HTTP headers checker tool

HTTP headers can be obtained using our header checker tool. With this tool, you will be able to analyze the HTTP response header for any URL you specify. You can verify server configurations through the tool, such as whether or not hotlink protection and file compression have been correctly configured on the server.

The tool scans a URL in real time and displays all response headers organized in a table. If you've implemented a custom header and would like to ensure that it exists as expected, this will be helpful.

What are HTTP headers?

HTTP stands for hypertext transfer protocol, which facilitates communication between clients and web servers at the application level. In the 1990s, Tim Berners-Lee created that protocol, identified by the World Wide Web. It is essential to understand that an HTTP header is a field of the HTTP request or response that sends additional context and metadata related to the request or response.

As part of the Hypertext Transfer Protocol (HTTP), HTTP headers appear in request and response messages as name and value pairs. In most cases, a colon separates the header name from the value. Whenever an HTTP request or response is sent, HTTP headers are included.

Depending on the status of the request, you may be able to use headers to indicate what type of media format the message prefers. In contrast, you may be able to use headers to tell what kind of media format the response supports.

What are HTTP headers used for?

It is used by the clients and the server as a means to exchange additional information between them through the request and response headers. A colon separates the header fields, which are arranged in a clear-text string format containing case-insensitive key-value pairs.

A field header with an empty value indicates the end of the header section. The field can include several different kinds of comments depending on the format. A few headers use an equal sign to separate quality(q) key-value pairs.

Most Common HTTP Headers

Let us take a closer look at the four most common HTTP headers that you may encounter:

Response Headers

Web servers send response headers as part of network packets in response to HTTP requests from Web browsers or client machines. It is a type of communication protocol used to deliver webpages and other Web-based data to a user's browser after they have requested it from the server.

Request header

As the name implies, request headers are HTTP headers used in HTTP requests to indicate the context of the request so that the server can tailor its response according to the request. For example, the Accept-* headers indicate what types of responses will be accepted and what formats will be preferred.  Information in the HTTP request header is formatted as a text record and includes details such as:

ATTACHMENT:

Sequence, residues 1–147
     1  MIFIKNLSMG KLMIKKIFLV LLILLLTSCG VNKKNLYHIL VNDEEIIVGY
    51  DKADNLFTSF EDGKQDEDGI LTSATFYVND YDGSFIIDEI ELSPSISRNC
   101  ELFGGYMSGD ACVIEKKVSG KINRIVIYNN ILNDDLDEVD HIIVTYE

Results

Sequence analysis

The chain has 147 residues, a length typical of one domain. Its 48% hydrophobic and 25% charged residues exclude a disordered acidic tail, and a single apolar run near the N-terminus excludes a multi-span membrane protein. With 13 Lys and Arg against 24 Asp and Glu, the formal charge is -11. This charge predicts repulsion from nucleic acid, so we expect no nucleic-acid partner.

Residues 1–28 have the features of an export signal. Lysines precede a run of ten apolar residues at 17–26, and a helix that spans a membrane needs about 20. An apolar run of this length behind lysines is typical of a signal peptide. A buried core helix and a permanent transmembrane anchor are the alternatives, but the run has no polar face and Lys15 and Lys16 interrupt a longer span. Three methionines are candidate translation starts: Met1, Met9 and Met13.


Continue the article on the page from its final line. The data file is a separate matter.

• A client's particular operating system.
  • The requested page.
  • A number of output formats are supported by the browser.

Representation Headers

HTTP representation headers denote resources sent within HTTP message bodies. There can be a variety of representations of a source based on the type of resource. Different representations may be formatted in XML or JSON. Here are a few representation headers.

  • Content-type
  • Content-Encoding
  • Content-Language
  •  Content-Location

Payload Headers

HTTP Payload Headers contain the data required to construct the resource representation. Payload headers can contain information about the length, the encoding, and the integrity of a resource. The following is a list of some of the Payload HTTP Headers. 

  • Content-length
  • Content-Range
  • Trailer
  • Transfer-Encoding

How to use our HTTP headers checker tool

The tool offered by Freenerdtools is easy to understand and use, and this tool will help you thoroughly check website HTTP headers in a matter of minutes. To check HTTP response headers, follow these steps:

  1. Head over to our lookup tool
  2. All you have to do now is type in the URL you wish to verify and click the submit button or press Enter.
  3. You will receive the results a few seconds after our server scans the URL in the background. 

Here is some of the information provided by our tool:

  • Date: Time and date from the response
  • Content-Type: Indicates the type of media
  • Content-Length: Number of bytes in the resource
  • Connection: Connection control for the network
  • Expires: Determines when a response has become irrelevant
  • X-Frame-Options: A X-Frame-Option indicates whether or not a browser should be allowed to render a page in a ,